The State Bank of India VRS

 
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Case Details:

Case Code : HROB007
Case Length : 07 Pages
Period : 2001
Organization : State Bank of India
Pub Date : 2001
Teaching Note : Available
Countries : India
Industry : Banking and Finance

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This case study was compiled from published sources, and is intended to be used as a basis for class discussion. It is not intended to illustrate either effective or ineffective handling of a management situation. Nor is it a primary information source.



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Excerpts

Background Note

Human Resource and Organization Behavior | Case Study in Management, Operations, Strategies, Human Resource and Organization Behavior, Case Studies

The SBI was formed through an Act of Parliament in 1955 by taking over the Imperial Bank. The SBI group consisted of seven associate banks:
• State Bank of Hyderabad
• State Bank of Indore
• State Bank of Mysore
• State Bank of Patiala
• State Bank of Saurashtra
• State Bank of Travancore
• State Bank of Bikaner & Jaipur.

The SBI was the largest bank in India in terms of network of branches, revenues and workforce. It offered a wide range of services for both personal and corporate banking. The personal banking services included credit cards, housing loans, consumer loans, and insurance. For corporate banking, SBI offered infrastructure finance, cash management and loan syndication...

The Protests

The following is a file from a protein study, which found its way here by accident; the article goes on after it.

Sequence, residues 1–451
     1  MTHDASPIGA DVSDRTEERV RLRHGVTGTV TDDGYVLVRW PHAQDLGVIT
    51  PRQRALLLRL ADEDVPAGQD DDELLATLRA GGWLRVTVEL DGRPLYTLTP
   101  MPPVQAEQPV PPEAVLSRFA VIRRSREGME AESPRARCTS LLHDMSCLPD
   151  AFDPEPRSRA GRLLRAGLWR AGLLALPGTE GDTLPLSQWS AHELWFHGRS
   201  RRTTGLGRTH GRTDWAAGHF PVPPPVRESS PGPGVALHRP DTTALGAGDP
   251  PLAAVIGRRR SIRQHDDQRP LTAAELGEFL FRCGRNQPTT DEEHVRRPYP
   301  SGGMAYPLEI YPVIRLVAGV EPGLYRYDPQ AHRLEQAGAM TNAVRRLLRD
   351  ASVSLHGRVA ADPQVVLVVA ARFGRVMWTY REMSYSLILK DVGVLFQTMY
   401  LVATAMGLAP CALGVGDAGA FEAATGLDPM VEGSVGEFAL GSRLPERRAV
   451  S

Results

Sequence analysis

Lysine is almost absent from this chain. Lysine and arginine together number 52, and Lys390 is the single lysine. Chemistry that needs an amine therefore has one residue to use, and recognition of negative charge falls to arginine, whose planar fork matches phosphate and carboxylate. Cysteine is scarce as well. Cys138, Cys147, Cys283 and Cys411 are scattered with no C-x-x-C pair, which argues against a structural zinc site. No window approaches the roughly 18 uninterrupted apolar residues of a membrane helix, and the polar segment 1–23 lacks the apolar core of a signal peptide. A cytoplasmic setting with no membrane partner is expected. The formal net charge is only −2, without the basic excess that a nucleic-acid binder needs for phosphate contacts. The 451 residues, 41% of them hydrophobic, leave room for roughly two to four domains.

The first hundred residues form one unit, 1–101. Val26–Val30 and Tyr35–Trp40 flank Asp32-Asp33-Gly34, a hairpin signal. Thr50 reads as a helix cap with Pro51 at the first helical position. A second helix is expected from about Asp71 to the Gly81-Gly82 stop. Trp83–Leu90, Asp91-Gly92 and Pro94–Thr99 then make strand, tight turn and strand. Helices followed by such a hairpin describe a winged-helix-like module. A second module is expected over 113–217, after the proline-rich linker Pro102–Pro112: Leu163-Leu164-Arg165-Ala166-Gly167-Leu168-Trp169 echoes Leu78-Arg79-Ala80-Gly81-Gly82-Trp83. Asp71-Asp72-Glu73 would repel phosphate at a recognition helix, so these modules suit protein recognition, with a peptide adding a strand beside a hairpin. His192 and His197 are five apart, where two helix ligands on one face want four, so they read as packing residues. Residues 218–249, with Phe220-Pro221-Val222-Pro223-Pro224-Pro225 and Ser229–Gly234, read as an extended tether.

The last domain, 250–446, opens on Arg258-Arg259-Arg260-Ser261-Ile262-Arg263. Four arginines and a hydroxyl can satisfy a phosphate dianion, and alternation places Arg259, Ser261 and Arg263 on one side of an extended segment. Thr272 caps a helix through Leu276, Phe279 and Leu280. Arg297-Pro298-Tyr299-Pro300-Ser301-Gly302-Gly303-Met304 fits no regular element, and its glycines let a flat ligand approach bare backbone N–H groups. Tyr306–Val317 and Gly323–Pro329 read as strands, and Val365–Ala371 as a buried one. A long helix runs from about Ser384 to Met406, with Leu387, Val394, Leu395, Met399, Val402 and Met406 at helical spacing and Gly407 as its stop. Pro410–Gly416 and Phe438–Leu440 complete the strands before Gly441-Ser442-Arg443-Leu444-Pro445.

The SBI was shocked to see the unprecedented outcry against the VRS from its employees. The unions claimed that the move would lead to acute shortage of manpower in the bank and that the bank's decision was taken in haste with no proper manpower planning undertaken.

They added that the VRS would not be feasible as there was an acute shortage of officers (estimated at about 10000) in the rural and semi-urban areas where the branches were not yet computerized. Moreover, the unions alleged that the management was compelling employees to opt for the VRS. They said that the threat of bringing down the retirement age from 60 years to 58 years was putting a lot of pressure on senior bank officials to opt for the scheme...

The Post VRS Days

According to reports, SBI's total staff strength was expected to come down to around 2,00,000 by March 2001 from the pre-VRS level of 2,33,000 (Refer Table III). With an average of 5000 employees retiring each year, analysts regarded VRS as an unwise move. By June 2001, SBI had relieved over 21,000 employees through the VRS. It was reported that another 8,000 employees were to be relieved after they attained the retirement age by the end of 2001. Analysts felt that this would lead to a tremendous increase in the workload on the existing workforce...

 

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